Scores of fires were started in dwel
lings across the street, irnt were checked
by their owners. The First United
Presbyterian church took fire, but it was
extinguished with slight damage.
Tho blaze was spectacular and the In
tense heat from the burning packing
house made fighting tho fire difficult.
One fireman was overcome by the heat,
but later revived.
Secretary Daniels
Favors Army-Navy
Foot BalTGame
WASHINGTON, Aug. 80.-6cretary
Daniels expressed himself as heartily In
favor of the army-navy toot ball game
being played this year as usual. He added
- -r r , "V -
He declined to give any opinion as to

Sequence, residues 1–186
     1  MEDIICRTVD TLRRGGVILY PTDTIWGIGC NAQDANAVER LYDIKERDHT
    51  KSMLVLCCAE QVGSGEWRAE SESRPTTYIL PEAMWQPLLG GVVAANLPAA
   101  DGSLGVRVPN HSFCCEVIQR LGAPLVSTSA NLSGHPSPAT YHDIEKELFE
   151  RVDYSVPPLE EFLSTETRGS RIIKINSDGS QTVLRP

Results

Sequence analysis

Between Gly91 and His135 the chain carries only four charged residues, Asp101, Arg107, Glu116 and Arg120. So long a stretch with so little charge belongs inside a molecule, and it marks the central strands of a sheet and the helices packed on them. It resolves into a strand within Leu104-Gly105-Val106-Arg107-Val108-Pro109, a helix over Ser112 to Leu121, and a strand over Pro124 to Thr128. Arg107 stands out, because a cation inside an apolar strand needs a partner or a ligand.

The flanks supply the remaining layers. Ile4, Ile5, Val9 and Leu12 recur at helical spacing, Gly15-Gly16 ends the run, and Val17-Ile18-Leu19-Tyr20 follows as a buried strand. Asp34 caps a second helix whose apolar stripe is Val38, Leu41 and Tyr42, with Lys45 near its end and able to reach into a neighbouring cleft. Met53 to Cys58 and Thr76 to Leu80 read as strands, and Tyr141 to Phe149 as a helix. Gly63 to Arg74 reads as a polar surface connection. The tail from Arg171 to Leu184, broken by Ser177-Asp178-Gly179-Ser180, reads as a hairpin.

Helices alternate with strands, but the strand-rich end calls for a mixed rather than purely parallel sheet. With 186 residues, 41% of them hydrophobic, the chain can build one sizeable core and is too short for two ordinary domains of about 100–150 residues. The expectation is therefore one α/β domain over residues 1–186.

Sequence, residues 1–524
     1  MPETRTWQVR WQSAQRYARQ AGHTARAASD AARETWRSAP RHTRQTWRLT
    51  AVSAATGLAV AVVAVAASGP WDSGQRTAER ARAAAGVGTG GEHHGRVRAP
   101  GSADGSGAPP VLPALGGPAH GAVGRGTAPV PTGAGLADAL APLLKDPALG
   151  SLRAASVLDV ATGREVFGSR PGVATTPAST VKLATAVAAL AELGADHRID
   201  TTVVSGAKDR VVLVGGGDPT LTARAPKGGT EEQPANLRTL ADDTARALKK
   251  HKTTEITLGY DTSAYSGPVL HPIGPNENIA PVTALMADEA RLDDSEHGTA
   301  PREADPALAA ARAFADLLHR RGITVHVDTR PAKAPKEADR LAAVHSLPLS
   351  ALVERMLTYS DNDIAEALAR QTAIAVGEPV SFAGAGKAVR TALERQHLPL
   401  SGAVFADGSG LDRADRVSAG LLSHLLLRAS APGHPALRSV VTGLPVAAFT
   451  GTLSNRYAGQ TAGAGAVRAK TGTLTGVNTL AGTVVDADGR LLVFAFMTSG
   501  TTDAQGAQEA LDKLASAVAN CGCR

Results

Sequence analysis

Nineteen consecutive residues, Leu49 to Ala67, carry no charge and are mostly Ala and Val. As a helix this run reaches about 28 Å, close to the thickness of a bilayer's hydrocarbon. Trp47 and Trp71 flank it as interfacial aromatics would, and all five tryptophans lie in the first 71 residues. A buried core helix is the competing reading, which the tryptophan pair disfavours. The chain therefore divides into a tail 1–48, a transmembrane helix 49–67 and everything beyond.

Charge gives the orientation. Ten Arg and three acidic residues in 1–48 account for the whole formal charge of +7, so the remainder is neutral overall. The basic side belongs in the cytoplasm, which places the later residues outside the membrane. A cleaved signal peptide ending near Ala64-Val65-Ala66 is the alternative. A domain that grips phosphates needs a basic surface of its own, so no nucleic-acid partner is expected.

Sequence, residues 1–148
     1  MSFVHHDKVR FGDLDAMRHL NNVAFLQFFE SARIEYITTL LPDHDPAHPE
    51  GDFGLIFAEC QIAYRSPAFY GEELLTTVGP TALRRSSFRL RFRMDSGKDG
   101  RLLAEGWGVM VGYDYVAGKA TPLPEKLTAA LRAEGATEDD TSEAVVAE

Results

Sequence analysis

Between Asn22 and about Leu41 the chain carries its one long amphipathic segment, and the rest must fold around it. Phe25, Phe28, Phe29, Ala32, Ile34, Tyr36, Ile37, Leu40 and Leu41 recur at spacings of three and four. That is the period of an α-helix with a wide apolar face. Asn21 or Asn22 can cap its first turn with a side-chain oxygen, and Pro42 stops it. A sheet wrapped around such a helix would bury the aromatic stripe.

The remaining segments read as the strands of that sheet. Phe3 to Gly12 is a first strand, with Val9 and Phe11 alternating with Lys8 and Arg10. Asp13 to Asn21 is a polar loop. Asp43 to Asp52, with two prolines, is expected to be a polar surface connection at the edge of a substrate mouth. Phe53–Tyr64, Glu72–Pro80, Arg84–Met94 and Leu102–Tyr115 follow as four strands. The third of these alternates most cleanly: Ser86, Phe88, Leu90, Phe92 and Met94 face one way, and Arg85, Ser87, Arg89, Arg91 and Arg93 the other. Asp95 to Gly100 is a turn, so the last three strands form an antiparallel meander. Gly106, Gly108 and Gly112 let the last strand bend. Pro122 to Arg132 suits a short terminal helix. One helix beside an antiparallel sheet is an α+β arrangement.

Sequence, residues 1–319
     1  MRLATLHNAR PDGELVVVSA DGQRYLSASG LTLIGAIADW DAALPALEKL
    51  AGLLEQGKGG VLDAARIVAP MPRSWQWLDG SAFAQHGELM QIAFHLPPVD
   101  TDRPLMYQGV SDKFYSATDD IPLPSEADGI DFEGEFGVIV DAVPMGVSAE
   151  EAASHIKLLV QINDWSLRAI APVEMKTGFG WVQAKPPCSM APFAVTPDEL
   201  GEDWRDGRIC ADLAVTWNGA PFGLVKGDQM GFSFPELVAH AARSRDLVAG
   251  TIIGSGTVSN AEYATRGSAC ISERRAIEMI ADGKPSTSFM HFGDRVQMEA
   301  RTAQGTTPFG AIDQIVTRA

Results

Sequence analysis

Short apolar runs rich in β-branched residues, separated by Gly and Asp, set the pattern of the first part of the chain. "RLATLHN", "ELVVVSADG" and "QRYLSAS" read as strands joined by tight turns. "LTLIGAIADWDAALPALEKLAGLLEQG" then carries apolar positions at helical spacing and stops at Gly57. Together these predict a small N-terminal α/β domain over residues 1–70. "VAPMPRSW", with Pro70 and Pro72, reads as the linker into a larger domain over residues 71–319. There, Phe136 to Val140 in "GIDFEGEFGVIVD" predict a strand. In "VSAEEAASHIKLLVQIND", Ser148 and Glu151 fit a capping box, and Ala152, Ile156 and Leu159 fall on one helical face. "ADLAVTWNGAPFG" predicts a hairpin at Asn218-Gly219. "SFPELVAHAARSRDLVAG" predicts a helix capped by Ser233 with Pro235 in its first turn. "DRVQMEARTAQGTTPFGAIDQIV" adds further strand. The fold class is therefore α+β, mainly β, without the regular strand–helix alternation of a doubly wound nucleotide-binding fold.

where he thought the game should be
played. '
"But I think wo should have the game,"
he said, "which has- becomo a national
event and Is looked forward to with much
pleasure and Interest by thousands. Ques
tions ot detail as to number and method
ot distributing the tickets, I think should
be kicked out ot the back door and not
allowed to stand In tho way."
NEW YORK, Aug. 30. From a cell Jn
the Raymond street Jail Elizabeth Tron
dle, a Brooklyn girl, appealed today by
letter to President Wilson to Issue a per
mit to dress as a man.
"If I can appear as a man and do a
man's work, I shall be more respected
and better paid," reads her letter to the
"It's -no crime for a woman to wear
malo attire, yet I am locked up In Jail
because I did so. I -want a permit from
you or some one else to wear the cos
tume I have adopted."
Miss Trondle, arrested, for masquerading
as a man, had been working In male at
tire in a book bindery. She claimed that
because of her dress sho received far bet